07.07.12 8:45 AM ET
Why Katie Holmes May Win Custody
Katie Holmes may often have seemed like a doe in the footlights during her marriage to Tom Cruise. But one thing has become increasingly clear in the days since her Mission Impossible stealth court filing: the 33-year-old actress is no naïf when it comes to divorce law.
Child custody battles among super-wealthy celebrities can be particularly bruising and protracted. But Holmes’s intricate plan to leave the Church of Scientology and win full custody of her six-year-old daughter, Suri, has many of New York’s top marital attorneys—a tough crowd—impressed.
“She will win plain and simple,” says Raoul Felder, who has represented Rudy Giuliani and the wives of Patrick Ewing, Tom Clancy, and Martin Scorsese. “The case will be settled with a whimper in six months and he will fade off into the sunset. I don’t care how aggressive Scientology is or how many lawyers he has. He will lose.” Holmes, he says, with admiration in his voice, “is a little diabolical.”
Holmes, aided by a phalanx of legal advisers, made several choices that will be hard for Cruise to counter, experts agree. Holmes’ father, who is said to be advising her closely on her strategy, is a Toledo lawyer with experience in matrimonial matters.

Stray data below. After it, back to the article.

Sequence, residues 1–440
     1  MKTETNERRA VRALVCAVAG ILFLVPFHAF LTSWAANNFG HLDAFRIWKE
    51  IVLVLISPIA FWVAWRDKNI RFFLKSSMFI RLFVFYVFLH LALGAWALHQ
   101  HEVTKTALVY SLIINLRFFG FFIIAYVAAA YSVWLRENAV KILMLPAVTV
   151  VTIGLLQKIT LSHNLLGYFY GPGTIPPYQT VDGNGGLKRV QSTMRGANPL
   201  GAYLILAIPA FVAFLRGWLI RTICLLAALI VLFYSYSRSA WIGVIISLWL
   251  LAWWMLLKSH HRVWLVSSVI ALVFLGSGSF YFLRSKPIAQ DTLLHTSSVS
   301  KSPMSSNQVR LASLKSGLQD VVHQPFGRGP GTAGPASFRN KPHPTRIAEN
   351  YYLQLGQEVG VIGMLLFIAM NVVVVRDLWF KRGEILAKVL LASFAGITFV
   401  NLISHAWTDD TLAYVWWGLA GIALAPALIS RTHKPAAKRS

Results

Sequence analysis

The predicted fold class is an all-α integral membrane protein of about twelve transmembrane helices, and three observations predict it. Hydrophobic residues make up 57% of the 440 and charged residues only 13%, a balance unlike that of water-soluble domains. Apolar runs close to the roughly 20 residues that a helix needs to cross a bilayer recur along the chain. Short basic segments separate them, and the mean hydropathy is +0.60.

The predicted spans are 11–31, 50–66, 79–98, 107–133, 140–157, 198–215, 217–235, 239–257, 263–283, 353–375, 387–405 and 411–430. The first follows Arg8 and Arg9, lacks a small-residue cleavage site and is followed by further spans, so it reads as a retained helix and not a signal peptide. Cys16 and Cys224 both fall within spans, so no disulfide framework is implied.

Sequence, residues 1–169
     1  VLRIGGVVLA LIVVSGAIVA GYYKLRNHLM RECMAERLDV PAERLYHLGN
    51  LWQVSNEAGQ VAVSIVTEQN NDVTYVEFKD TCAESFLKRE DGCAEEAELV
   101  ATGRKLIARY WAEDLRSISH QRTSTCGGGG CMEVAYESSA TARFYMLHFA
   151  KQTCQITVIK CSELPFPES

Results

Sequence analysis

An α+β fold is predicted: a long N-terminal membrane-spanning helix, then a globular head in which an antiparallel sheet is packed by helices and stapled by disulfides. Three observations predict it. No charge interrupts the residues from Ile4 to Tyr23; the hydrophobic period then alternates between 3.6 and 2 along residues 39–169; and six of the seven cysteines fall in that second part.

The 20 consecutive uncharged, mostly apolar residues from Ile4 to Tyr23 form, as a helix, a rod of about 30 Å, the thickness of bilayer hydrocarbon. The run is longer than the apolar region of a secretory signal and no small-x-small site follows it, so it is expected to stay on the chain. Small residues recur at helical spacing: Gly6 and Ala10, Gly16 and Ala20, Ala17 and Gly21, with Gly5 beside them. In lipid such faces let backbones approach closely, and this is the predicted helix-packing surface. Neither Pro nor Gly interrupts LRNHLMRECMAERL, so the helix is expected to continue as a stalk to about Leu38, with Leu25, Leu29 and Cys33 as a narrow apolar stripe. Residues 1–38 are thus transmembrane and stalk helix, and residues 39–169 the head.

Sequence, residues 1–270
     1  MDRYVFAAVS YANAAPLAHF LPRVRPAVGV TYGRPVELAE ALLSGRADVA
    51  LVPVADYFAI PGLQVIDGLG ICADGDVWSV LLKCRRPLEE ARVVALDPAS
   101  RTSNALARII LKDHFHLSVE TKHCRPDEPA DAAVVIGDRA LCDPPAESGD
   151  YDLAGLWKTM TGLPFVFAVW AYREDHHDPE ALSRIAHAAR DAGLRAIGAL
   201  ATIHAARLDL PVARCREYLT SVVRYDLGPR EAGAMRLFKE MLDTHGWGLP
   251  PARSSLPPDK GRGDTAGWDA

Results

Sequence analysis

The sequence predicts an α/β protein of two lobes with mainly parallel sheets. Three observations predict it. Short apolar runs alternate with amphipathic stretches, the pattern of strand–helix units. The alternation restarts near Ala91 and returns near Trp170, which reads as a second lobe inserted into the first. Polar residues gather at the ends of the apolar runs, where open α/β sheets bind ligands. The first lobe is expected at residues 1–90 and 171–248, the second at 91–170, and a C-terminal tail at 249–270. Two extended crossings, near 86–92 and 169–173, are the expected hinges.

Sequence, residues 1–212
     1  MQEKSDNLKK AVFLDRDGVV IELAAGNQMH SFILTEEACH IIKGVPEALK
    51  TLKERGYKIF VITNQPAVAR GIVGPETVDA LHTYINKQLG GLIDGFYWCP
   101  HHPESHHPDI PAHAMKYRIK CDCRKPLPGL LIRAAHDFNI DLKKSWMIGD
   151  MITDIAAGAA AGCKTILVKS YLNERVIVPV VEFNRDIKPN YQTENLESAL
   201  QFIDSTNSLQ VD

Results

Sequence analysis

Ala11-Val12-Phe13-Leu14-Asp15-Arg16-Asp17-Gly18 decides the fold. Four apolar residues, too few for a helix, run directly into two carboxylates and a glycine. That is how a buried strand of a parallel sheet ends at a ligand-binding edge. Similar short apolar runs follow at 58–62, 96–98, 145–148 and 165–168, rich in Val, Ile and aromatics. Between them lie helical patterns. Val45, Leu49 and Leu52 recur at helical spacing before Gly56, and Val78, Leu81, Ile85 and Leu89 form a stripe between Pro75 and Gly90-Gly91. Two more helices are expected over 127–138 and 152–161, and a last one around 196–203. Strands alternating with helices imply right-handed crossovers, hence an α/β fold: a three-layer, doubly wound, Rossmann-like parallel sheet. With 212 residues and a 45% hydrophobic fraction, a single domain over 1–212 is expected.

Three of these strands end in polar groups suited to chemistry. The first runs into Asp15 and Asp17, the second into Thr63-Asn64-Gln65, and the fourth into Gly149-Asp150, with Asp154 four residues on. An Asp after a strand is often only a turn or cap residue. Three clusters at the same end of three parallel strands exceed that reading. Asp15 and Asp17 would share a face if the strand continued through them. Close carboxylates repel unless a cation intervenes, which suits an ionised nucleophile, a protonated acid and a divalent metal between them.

First, Holmes filed in New York, where joint legal custody is not taken for granted as it is in California. “In fact, it’s cases like this that make the courts here remember why they don’t like joint custody; it’s just unworkable in too many instances, “ says Eleanor Alter, who represented Mia Farrow and Christie Brinkley. While joint custody is indeed widespread in New York as it is across the nation, that’s because the parents agree to it, under the terms of settlements that are generally reached long before the cases wind up in court, says Alter.
New York courts instead tend to favor a “spheres of decision” approach in which one parent may get the final say in some areas (education and health care, for example), while another gets another sphere, say, religion, says Patricia Hennessey, whose client list is a who’s who of Wall Street heavies. But Holmes’s lawyers may successfully dispatch even the suggestion of such an approach because Scientology’s influence is felt through all the traditional domestic spheres; Scientologists often send their children to special schools and liken psychiatric medications to poison. “You can’t just peel off one aspect of it, so that wouldn’t work,” says Hennessey. “It’s a zero-sum game in this case. Someone has to get full legal custody, meaning final say in all the important decisions.”
Even if Holmes signed a pre-nuptial agreement in which she said she would raise Suri as a Scientologist, the court could throw it out, says Hennessey. “Nothing about children is enforceable, unlike spousal support items. The court won’t sacrifice the well-being of the child just because five years ago someone said they would raise the kid that way. And Katie could get around it by saying that at that point she didn’t know what it entailed.”